All teachers satisfy the requirements in relation to classroom planning. Long-term plans reflect the contents of the school plan and short-term plans are clearly laid out using an agreed template which is also used to provide a record of the work completed. It would be of benefit to review the short-term planning template to ensure that in all instances a clear statement of objectives is provided in terms of the learning outcomes for the pupils and that a differentiated programme is clearly outlined for the dual class groupings.
Confirmation was provided that, in compliance with Department of Education and Science Primary Circular 0061/2006, the board of management has formally adopted the Child Protection Guidelines for Primary Schools (Department of Education and Science, September 2001). Confirmation was also provided that these child protection procedures have been brought to the attention of management, school staff and parents; that a copy of the procedures has been provided to all staff (including all new staff); and that management has ensured that all staff are familiar with the procedures to be followed. A designated liaison person (DLP) and a deputy DLP have been appointed in line with the requirements of the guidelines.
Tá na hoidí báúil don Ghaeilge agus is léir go bhfuil machnamh agus plé déanta acu ar úsáid an chur chuige chumarsáidaigh chun an teanga a mhúineadh. Baintear leas as raon leathan modhanna agus straitéisí chun na ceithre scil teanga a chur chun cinn ar bhealach taitneamhach comhtháite. Stiúrtar idir ghníomhaíocht, ceistiú agus rólimirt le cumas agus is inmholta mar a láimhsítear cluichí teanga chun forchéimniú a chur i gcrích maidir le tuiscint agus úsáid teanga. Déantar na deich dtéama teanga a leathnú go coinsiasach tríd an scoil. Cuirtear ar chumas na ndaltaí aidiachtaí, réamhfhocail agus ceistfhocail a úsáid de réir a chéile agus leagtar béim chóir ar láimhseáil na mbriathra. Mealltar caint shoiléir mhuiníneach ó na daltaí i bhformhór na ranganna agus tugtar deiseanna rialta dóibh abairtí iomlána a chleachtadh agus sraitheanna d’abairtí a chur le chéile. Múintear cnuasach breá rann, filíochta agus amhrán ag gach rangleibhéal agus seinntear feadóga stáin ó rang a haon ar aghaidh. Is leas leis na daltaí go mbaintear úsáid as an nGaeilge i rith an lae scoile i go leor ranganna agus go bhféachtear le gnéithe eile d’fheasacht teanga agus cultúir le linn d’achair eile an churaclaim a mhúineadh.
Baintear dea-úsáid as leabhairíní féindéanta chun dúil sa léitheoireacht agus sa scríbhneoireacht a chothú. Cuirtear focalaithint chun cinn go ceardúil agus cleachtar litriú, léitheoireacht agus scríbhneoireacht go tairbheach le linn do chluichí agus gníomhaíochtaí a eagrú. Tá raon na n-áiseanna a úsáidtear chun an léitheoireacht a mhúineadh sách teoranta áfach agus moltar idir leabhair mhóra tharraingteacha, leabhairíní beaga, téacsleabhair nua-aimseartha agus fíorleabhair a chur ar fáil ag na rangleibhéil chuí chun tacú le clár ilghnéitheach a chur i gcrích. D’fhéadfaí a thuilleadh béime a leagan ar an scríbhneoireacht phearsanta chun neamhspléachas sa scríbhneoireacht a chothú de réir a chéile.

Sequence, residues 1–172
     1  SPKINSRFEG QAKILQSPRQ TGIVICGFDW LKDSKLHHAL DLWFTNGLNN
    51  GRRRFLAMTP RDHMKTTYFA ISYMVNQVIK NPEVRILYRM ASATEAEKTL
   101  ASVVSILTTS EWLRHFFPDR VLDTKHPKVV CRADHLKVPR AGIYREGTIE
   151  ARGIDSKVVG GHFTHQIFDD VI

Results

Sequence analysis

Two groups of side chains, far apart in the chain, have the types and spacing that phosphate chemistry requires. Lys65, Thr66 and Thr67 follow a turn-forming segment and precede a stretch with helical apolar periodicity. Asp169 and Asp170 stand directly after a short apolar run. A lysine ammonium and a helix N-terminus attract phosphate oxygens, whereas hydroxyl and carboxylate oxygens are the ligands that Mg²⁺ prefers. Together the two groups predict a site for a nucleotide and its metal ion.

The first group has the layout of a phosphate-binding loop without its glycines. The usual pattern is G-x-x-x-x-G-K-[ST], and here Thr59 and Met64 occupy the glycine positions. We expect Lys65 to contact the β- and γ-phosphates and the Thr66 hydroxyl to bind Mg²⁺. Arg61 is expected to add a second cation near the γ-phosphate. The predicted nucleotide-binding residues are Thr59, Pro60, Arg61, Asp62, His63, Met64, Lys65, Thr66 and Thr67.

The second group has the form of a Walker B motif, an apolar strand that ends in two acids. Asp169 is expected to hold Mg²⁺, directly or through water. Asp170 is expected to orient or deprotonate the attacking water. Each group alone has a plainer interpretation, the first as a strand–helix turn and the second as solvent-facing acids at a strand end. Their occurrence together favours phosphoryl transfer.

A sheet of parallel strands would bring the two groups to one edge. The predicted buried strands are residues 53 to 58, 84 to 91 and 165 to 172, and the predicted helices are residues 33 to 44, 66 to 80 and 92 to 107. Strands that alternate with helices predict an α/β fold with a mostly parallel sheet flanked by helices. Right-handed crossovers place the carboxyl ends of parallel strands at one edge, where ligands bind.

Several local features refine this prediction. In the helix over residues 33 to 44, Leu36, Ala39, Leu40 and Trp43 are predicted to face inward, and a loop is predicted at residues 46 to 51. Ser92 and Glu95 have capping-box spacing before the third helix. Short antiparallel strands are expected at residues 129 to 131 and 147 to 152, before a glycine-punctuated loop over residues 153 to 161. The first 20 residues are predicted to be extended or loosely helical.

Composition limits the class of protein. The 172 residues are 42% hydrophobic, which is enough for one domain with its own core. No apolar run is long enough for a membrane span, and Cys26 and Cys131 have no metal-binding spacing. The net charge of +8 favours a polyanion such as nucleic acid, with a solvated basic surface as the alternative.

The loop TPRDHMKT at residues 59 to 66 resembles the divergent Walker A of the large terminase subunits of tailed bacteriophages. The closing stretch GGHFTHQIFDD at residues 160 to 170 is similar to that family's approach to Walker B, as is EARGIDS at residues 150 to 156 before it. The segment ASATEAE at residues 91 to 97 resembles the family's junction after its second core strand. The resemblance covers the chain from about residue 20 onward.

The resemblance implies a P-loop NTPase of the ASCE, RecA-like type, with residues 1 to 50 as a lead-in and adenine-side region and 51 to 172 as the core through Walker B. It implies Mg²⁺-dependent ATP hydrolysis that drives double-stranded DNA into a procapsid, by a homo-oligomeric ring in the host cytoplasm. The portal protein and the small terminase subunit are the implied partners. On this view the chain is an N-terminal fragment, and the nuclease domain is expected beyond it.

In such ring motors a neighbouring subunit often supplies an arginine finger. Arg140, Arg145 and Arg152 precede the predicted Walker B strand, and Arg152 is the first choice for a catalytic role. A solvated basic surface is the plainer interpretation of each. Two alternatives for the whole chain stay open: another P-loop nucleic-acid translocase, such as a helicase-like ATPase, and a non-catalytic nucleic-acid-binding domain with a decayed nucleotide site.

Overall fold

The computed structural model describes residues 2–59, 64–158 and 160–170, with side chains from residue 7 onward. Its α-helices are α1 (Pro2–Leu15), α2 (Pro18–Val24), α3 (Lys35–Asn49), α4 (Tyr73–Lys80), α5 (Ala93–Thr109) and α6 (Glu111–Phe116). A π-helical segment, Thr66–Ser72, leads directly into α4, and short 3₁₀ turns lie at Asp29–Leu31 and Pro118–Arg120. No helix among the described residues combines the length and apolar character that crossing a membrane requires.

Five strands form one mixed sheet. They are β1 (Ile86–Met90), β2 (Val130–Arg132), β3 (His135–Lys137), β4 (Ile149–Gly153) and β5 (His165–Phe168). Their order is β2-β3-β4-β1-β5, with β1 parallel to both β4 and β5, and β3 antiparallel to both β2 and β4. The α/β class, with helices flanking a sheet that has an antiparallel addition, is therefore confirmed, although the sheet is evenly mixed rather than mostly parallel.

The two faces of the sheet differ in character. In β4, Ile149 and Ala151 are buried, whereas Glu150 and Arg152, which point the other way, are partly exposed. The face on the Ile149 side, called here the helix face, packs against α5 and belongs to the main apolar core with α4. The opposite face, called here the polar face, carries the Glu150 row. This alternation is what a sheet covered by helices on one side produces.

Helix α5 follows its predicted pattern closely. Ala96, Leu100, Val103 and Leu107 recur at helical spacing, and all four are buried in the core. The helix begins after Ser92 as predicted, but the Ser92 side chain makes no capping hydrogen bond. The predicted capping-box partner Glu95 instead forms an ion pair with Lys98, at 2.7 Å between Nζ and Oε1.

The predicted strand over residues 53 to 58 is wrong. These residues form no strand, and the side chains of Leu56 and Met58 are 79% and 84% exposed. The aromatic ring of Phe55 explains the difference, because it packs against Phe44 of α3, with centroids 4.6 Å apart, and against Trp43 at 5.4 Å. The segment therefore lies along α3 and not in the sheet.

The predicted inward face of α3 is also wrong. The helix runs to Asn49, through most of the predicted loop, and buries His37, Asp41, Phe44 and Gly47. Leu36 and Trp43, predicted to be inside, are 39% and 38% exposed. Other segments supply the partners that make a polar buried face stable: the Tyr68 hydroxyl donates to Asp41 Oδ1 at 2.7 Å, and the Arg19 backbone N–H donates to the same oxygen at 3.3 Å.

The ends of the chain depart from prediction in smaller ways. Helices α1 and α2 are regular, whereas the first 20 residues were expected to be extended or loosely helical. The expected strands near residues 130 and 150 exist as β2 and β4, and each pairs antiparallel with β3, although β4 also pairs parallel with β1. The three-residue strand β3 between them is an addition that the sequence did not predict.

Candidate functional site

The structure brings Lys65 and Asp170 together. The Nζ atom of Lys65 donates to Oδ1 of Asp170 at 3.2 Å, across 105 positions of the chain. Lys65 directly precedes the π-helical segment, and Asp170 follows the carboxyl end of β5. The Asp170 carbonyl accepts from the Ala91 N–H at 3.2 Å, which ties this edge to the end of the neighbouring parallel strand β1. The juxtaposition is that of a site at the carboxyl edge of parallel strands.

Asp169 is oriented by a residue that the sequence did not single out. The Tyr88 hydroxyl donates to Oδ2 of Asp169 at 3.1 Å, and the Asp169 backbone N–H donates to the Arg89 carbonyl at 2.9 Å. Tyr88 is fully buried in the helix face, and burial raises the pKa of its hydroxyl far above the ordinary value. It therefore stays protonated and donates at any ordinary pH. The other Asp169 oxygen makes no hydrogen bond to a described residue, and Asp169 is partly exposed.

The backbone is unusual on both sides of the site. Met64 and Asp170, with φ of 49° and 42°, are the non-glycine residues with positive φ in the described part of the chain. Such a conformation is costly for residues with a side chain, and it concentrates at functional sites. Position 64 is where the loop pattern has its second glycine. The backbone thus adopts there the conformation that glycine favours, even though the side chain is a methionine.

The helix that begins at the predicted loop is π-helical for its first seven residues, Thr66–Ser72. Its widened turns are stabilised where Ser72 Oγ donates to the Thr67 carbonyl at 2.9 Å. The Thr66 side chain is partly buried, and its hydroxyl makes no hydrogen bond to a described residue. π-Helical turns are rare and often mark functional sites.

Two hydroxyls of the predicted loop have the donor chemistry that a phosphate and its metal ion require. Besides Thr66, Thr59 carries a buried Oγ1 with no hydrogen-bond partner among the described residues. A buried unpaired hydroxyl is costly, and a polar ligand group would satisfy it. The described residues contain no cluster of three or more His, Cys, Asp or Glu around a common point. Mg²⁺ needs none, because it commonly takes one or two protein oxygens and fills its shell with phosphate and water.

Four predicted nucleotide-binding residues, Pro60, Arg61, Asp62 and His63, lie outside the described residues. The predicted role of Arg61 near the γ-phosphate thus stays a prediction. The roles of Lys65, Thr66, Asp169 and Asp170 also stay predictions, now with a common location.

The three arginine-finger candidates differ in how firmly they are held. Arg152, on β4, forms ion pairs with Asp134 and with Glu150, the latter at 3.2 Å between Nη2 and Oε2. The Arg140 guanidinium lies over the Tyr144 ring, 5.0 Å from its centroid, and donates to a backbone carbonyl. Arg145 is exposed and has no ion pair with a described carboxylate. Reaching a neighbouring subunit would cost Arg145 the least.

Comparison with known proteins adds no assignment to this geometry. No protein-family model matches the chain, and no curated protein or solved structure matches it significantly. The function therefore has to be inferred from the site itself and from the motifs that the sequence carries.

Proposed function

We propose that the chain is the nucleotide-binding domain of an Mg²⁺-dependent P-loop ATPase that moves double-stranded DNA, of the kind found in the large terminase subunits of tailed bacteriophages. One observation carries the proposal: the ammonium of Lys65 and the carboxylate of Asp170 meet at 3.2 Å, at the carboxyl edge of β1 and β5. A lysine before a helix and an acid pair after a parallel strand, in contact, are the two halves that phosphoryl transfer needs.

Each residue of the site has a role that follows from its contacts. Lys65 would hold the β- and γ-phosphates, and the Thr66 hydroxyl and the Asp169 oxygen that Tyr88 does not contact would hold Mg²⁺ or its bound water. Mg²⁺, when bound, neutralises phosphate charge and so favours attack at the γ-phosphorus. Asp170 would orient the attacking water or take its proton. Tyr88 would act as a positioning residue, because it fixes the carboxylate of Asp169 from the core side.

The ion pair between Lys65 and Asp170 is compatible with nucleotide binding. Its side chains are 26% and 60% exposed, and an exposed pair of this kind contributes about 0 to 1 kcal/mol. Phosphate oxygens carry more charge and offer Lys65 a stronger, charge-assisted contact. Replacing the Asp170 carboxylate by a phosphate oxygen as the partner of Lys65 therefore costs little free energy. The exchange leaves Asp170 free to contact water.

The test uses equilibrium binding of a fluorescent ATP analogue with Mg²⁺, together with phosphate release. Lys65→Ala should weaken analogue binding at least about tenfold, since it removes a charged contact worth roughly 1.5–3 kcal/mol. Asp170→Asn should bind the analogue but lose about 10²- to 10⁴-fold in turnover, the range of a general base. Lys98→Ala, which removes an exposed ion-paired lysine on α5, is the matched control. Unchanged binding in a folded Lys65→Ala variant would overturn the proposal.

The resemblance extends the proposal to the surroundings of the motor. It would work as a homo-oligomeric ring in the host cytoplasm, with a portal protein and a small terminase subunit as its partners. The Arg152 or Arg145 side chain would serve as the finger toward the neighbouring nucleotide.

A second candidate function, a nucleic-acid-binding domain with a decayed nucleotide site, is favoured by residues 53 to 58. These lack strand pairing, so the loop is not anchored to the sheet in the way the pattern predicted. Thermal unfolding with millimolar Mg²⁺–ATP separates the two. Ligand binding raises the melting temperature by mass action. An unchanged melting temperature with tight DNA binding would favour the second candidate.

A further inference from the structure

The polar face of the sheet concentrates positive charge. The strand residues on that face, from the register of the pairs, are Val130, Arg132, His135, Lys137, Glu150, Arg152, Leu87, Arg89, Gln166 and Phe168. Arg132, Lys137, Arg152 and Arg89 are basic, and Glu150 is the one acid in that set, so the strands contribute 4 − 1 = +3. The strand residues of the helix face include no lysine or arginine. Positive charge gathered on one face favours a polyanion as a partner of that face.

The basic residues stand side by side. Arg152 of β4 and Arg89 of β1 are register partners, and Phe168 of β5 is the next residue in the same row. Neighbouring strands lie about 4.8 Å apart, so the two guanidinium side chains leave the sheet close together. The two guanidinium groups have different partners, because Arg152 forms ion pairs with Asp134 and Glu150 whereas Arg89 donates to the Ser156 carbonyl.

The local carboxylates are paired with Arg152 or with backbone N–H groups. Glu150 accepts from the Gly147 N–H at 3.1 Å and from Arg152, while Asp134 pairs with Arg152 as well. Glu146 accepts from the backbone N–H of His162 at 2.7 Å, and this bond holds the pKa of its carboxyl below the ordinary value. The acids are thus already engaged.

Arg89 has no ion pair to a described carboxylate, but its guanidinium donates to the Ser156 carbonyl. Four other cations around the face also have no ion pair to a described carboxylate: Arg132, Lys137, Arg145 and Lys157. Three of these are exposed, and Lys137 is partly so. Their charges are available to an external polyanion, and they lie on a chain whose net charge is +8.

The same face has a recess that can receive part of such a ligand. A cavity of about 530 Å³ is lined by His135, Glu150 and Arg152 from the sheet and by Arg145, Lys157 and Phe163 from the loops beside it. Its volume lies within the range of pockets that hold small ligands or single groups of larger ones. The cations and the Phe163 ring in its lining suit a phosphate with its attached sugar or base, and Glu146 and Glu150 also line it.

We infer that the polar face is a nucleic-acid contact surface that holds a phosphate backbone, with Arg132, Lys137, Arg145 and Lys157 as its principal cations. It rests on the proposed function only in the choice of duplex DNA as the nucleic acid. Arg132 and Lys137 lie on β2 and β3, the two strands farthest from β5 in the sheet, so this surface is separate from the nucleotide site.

Ar an iomlán léiríonn na daltaí tuiscint ar réimse cuí teanga agus tá caighdeán réasúnta maith á bhaint amach acu i léamh agus scríobh na teanga.
The teachers are well-disposed towards Irish and it is clear that they have thought about and discussed the use of the communicative approach for teaching the language. A wide variety of methodologies and strategies is used to develop the four language skills in an integrated and enjoyable manner. Activity, questioning and role-play are capably directed and the manner in which games are handled to progress understanding and language usage is praiseworthy. The ten language themes are conscientiously broadened throughout the school. The pupils are gradually enabled to use adjectives, prepositions and questioning words and appropriate emphasis is placed on handling verbs. The pupils are enticed to speak clearly and with confidence in the majority of classes and they are given regular opportunities to practice full sentences and to put series of sentences together. A lovely collection of rhymes, poetry and song is taught at each class level and the tin-whistle is played from first class onwards. The pupils benefit from the use of Irish during the course of the school day in many of the classes and from the attention given to other aspects of language and cultural appreciation during the teaching of other curricular areas.
Little homemade books are used to good effect to stimulate interest in reading and writing. Word recognition is developed skillfully and spelling, reading and writing are practised beneficially during organised games and activities. The range of resource used to teach reading is relatively limited, however, and it is recommended that attractive large books, little books, modern textbooks and real books are provided at each class level to support the implementation of a multi-facetted programme. Further emphasis could also be placed on personal writing as a means of gradually fostering independence in writing.
In general, the pupils display understanding of an appropriate range of language at the different class levels and they are achieving a reasonably good standard in reading and writing